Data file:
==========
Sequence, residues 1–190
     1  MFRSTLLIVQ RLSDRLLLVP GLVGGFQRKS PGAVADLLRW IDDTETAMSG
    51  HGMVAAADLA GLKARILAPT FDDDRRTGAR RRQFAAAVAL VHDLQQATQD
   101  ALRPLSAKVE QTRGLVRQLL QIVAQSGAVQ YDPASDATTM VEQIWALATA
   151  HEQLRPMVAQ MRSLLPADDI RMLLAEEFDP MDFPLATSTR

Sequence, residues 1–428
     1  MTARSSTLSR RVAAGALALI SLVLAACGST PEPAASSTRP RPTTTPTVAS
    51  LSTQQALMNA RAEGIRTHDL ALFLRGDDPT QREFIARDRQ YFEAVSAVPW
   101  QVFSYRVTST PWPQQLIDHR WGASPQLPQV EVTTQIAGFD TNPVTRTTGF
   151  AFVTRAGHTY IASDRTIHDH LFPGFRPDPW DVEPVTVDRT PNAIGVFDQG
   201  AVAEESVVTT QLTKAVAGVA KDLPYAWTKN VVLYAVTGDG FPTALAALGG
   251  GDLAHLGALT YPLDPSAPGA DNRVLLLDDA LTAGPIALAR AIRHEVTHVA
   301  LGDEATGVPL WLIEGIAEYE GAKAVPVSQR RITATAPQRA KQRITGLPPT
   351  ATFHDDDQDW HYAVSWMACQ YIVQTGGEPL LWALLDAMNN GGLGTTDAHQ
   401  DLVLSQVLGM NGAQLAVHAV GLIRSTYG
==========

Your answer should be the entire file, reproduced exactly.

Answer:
Sequence, residues 1–190
     1  MFRSTLLIVQ RLSDRLLLVP GLVGGFQRKS PGAVADLLRW IDDTETAMSG
    51  HGMVAAADLA GLKARILAPT FDDDRRTGAR RRQFAAAVAL VHDLQQATQD
   101  ALRPLSAKVE QTRGLVRQLL QIVAQSGAVQ YDPASDATTM VEQIWALATA
   151  HEQLRPMVAQ MRSLLPADDI RMLLAEEFDP MDFPLATSTR

Sequence, residues 1–428
     1  MTARSSTLSR RVAAGALALI SLVLAACGST PEPAASSTRP RPTTTPTVAS
    51  LSTQQALMNA RAEGIRTHDL ALFLRGDDPT QREFIARDRQ YFEAVSAVPW
   101  QVFSYRVTST PWPQQLIDHR WGASPQLPQV EVTTQIAGFD TNPVTRTTGF
   151  AFVTRAGHTY IASDRTIHDH LFPGFRPDPW DVEPVTVDRT PNAIGVFDQG
   201  AVAEESVVTT QLTKAVAGVA KDLPYAWTKN VVLYAVTGDG FPTALAALGG
   251  GDLAHLGALT YPLDPSAPGA DNRVLLLDDA LTAGPIALAR AIRHEVTHVA
   301  LGDEATGVPL WLIEGIAEYE GAKAVPVSQR RITATAPQRA KQRITGLPPT
   351  ATFHDDDQDW HYAVSWMACQ YIVQTGGEPL LWALLDAMNN GGLGTTDAHQ
   401  DLVLSQVLGM NGAQLAVHAV GLIRSTYG